Japanese is a very high context language, and coming from English, a very low context language, this can be quite tricky. High context means that certain information is left out of sentences, because it is assumed that both the speaker and the listener already understand this information from the context of the situation. For example, it is very common to drop subjects. So instead of saying, “I go to Tokyo,” like you would in English, you would just say, “go to Tokyo,” leaving out the subject, “I”. If Tokyo has previously been mentioned, you might just say, “go to,” and, “I go to Tokyo” is meant to be understood. But for those just learning Japanese, it’s not always so easy to understand the context. This makes it difficult to follow conversations and comprehend the meaning of what’s being said, and unsaid.
3. Numbers and Counter Words
In English you say “one, two, three…” for everything. One glass of water, three soccer balls, five stories on a building, ten pencils. Easy, right? It’s not so simple in Japanese. Numbers and counter words are exceptionally complicated in Japanese. First, you’ve got your regular numbers: “ichi, ni, san…” Then you’ve got your “general” counter words: “hitotsu, futatsu, mitsu…” Then you’ve got a bunch of different sets of counter words, depending on what you’re counting. So, you have to use different words if you’re counting drinks versus floors on a building, versus minutes, versus paper and flat things, versus sticks/long items.
I’m sorry, but, what?!? I want to know who in Japan’s history was so bored that they decided to come up with this system. Why do we need a whole different set of numbers to count flat things versus stick-shaped things? It’s almost comical to me. I get by using regular numbers and general counter words for everything, because people understand what I mean.
Every language sounds like it’s being spoken fast to non-speakers. But when I hear Japanese people speaking back and forth in rapid fire, I am completely baffled at the speed. It’s so fast! It’s got to be faster than I speak, right? Turns out, it’s not just my perception; Japanese really is spoken faster than other languages.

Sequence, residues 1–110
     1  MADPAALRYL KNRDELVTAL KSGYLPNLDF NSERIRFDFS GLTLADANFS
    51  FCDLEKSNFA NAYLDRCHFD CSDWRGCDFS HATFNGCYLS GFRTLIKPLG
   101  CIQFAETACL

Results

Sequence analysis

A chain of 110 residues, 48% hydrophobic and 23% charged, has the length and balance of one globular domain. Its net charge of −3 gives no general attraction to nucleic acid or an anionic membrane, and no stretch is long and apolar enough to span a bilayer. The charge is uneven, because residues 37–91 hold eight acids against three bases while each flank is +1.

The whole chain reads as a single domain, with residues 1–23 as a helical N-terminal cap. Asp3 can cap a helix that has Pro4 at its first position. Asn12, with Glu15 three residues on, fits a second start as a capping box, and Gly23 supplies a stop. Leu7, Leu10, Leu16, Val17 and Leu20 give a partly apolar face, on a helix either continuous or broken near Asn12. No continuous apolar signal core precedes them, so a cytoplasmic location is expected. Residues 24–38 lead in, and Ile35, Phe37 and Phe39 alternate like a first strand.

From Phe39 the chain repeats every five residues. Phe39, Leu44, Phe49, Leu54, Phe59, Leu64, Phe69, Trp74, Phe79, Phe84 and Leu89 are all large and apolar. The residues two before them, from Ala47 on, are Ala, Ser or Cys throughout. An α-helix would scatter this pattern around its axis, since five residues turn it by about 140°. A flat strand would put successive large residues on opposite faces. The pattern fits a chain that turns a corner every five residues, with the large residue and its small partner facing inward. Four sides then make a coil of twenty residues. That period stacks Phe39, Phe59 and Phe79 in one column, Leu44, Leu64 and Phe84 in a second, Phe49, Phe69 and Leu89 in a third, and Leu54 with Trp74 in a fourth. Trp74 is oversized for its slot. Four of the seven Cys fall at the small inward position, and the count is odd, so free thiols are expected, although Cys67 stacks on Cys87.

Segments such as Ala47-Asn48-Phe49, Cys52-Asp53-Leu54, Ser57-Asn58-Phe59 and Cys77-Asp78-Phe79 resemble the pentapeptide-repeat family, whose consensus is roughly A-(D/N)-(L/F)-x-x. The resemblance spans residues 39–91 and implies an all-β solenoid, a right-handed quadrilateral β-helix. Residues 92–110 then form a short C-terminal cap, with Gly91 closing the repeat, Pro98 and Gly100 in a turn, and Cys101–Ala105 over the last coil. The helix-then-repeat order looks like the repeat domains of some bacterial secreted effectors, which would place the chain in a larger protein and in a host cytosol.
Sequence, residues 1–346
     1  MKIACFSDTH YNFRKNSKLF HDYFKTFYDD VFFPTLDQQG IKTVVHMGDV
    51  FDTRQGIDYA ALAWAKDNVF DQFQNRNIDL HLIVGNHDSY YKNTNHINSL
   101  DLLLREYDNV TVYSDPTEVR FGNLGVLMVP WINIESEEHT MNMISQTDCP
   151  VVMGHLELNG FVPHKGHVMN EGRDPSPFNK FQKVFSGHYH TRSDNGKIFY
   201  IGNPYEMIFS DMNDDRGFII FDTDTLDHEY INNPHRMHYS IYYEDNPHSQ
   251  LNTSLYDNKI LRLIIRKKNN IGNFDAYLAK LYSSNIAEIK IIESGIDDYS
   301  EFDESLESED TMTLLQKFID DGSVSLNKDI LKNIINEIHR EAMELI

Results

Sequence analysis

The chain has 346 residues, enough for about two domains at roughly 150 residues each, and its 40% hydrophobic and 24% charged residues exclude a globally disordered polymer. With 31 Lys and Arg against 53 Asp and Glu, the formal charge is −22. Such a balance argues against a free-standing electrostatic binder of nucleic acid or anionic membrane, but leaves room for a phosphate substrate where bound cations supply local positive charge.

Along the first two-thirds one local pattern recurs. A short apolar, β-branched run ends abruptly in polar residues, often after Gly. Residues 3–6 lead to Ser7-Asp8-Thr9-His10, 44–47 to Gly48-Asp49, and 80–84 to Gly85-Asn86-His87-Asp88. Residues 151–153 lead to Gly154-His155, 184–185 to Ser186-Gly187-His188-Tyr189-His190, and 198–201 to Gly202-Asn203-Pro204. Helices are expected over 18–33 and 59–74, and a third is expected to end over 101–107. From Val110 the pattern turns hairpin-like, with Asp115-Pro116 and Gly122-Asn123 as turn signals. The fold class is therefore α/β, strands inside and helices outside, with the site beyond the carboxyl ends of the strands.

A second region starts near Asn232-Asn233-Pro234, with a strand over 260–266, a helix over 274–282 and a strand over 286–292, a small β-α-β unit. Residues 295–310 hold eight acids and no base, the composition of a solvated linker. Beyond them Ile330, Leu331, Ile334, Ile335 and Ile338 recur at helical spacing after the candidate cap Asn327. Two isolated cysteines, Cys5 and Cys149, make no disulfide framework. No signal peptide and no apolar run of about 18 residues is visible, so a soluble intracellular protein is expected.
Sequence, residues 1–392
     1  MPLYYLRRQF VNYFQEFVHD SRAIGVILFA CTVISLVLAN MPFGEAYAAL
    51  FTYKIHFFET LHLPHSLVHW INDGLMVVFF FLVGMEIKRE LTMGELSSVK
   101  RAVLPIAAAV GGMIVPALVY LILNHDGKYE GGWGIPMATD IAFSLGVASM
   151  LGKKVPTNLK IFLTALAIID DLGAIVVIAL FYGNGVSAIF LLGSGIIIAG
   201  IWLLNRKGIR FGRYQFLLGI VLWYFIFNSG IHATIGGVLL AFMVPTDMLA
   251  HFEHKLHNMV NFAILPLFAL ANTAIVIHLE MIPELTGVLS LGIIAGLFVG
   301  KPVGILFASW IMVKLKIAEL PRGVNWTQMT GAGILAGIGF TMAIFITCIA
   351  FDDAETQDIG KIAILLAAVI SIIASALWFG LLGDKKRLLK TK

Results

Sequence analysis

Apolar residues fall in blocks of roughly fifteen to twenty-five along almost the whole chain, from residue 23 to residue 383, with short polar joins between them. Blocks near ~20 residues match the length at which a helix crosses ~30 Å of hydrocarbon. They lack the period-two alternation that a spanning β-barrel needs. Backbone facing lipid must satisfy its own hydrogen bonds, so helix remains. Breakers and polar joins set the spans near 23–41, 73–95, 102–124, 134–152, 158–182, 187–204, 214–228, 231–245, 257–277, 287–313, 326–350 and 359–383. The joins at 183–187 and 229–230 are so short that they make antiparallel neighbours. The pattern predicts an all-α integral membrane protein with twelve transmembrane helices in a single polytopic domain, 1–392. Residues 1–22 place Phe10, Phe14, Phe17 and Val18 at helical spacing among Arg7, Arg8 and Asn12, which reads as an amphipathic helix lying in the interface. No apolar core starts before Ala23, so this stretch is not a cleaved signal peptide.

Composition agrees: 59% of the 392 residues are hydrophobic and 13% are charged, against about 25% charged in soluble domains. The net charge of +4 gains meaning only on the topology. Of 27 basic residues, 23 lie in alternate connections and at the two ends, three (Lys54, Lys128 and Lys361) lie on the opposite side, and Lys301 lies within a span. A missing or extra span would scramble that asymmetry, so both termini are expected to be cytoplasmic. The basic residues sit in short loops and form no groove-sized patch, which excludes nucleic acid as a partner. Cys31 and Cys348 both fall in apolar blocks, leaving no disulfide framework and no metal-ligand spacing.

Université de Lyon did a study comparing the speeds of various languages, using syllables per second as the measure. Of the eight languages surveyed, Japanese was the fastest, clocking in with an average speed of 7.84 syllables per second. English, on the other hand, was spoken at the rate of 6.19 syllables per second. And Chinese measured only 5.18 syllables per second. So, yes, Japanese actually is spoken faster than English speakers are used to.
Interestingly, Japanese had the fastest syllabic rate, but the slowest information density. What does that mean? It means that to get your point across in Japanese, you have to say a lot more. And to get in all those extra words, you say it a lot faster!
5. Fewer Possible Sound Combinations
Japanese has fewer possible sound combinations than English, because certain sounds (such as “l”) don’t exist in Japanese. The total number of possible single-syllable sounds in Japanese is around 100. The number of possible single-syllable sound combinations in English, on the other hand, is somewhere upwards of 10,000. That’s a huge difference!
This is actually good news for learning to speak. Because there are fewer possible sounds, they are all fairly easy to pronounce. I may struggle with putting them all together, but it’s easy to say the individual sounds of Japanese. It’s not, however, easy to listen and distinguish these sounds from each other when used in words. This means that many words in Japanese sound very similar, and it’s hard for non-native speakers to tell them apart. For example, the word for “no” isいいえ (iie), and the word for house is いえ(ie). The only difference in pronunciation is the long versus short “i” sound, which to me sounds basically identical. English has words like this too, but there are a lot more in Japanese, since there are fewer possible sounds in the first place.
Even though there are many things about Japanese that I find difficult, I’m really enjoying studying it. I find foreign languages and linguistics fascinating (if you couldn’t already tell from this long post I just wrote), and Japanese is extra interesting because of how different from English it is. So, I’ll probably never master Japanese, but at least I’m having fun trying.